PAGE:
Staff and pupils are celebrating at Herne Bay Junior School after being awarded Gold status, the highest accolade achievable, by the Carnegie Centre of Excellence for Mental Health in Schools.

The school undertook the award following the work they were doing to promote mental health and wellbeing within their curriculum. Headteacher, Melody Kingman, explained, "Having recognised a link between those with a healthy and positive self-image and improved social and academic outcomes, it became a priority for us to focus upon promoting mental health and wellbeing in order to better prepare our young people for the challenges of their teenage years and subsequent adult lives."

To provide a framework to focus the journey, the school embarked on the award in 2018 achieving Silver status in May 2019. They were encouraged by the awarding body to continue with their valuable work leading them to be recognised with the Gold award in December 2020. Mrs Kingman described the achievement as "a huge tribute and recognition of the importance of mental health and wellbeing as a way of life within our school."

Examples of ways in which positive mental health is being supported include 1:1 counselling, nurture groups, daily mindfulness and wellbeing sessions. Teachers are also supported with regular supervision sessions led by the school’s counsellor and Director of Mental Health and Wellbeing, Hollie Edwards.

One key supporter who recognises the vital role Herne Bay Junior School play in promoting positive mental health is Claire Murdoch MBE, Mental Health Director for NHS England. In a letter to uphold the school’s application for the award she explained, "I was invited to visit Herne Bay Junior School in September 2019 and I’m so glad that I accepted the invitation as what I saw and the people that I met were creative, committed and absolutely exceptional."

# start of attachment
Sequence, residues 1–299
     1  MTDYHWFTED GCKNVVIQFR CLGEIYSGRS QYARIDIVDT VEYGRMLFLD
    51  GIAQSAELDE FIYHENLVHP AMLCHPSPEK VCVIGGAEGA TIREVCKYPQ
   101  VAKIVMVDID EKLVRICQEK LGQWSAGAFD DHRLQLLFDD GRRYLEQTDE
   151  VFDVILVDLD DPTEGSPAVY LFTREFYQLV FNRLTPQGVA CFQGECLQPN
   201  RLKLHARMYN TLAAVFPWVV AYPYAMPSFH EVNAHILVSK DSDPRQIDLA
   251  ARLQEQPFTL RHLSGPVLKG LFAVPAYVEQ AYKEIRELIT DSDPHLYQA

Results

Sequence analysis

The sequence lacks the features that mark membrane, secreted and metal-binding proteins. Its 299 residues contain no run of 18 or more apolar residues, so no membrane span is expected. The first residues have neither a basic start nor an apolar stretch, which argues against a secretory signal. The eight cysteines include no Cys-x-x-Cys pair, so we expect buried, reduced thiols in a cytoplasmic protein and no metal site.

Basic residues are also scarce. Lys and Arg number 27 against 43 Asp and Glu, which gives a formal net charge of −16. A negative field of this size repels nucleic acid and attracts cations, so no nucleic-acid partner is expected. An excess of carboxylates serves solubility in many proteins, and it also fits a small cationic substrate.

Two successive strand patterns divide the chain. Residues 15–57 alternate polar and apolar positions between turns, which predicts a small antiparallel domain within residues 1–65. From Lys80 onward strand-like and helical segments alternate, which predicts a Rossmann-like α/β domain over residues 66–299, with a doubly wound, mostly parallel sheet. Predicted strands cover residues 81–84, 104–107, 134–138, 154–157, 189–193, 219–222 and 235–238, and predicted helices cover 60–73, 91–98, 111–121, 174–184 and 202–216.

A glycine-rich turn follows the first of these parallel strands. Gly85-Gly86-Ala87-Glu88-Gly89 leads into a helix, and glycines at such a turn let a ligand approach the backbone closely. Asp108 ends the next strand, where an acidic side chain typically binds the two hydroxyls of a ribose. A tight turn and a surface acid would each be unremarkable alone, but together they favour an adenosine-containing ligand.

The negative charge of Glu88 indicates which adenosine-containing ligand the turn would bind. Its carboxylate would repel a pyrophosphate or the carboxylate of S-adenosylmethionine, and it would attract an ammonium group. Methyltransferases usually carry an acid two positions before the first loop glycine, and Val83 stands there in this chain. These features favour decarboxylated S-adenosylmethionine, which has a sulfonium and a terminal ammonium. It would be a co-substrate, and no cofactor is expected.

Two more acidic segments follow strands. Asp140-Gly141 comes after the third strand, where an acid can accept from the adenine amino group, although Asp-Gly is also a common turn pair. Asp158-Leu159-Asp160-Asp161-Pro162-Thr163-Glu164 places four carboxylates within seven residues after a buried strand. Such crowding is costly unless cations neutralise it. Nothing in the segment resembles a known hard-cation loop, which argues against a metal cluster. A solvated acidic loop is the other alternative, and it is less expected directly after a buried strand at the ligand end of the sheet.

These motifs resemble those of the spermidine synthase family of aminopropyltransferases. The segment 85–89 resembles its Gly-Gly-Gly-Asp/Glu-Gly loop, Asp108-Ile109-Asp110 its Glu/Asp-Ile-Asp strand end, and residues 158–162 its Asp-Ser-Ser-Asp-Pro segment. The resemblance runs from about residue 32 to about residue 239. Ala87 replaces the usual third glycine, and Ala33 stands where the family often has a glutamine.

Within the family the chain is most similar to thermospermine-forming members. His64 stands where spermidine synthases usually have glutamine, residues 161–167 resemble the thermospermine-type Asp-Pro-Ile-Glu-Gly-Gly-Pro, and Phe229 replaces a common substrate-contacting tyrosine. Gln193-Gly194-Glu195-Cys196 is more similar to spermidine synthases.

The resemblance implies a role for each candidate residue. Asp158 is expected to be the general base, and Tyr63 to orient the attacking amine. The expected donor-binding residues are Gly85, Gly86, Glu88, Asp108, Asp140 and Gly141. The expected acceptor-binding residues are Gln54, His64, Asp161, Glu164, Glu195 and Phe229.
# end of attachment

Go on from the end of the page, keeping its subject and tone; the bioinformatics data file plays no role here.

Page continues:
Since achieving the Gold award, the school has continued to promote positive mental health within their school community. Opportunities to further develop their work include the engagement of two Emotional Wellbeing Practitioners who will carry out vital support work with parents. There are also plans for the school to develop a supervision training programme for schools, alongside Charlie Waller Trust. Mrs Edwards explains, "I am eager to continue working with other organisations and schools nationally, or even internationally. I truly believe that we must work together collectively to improve the mental health outcomes for all of our children in a world that demands more of us year-on-year. Children must be supported, and taught how to support themselves, in order for them to meet these growing demands and retain positive mental health."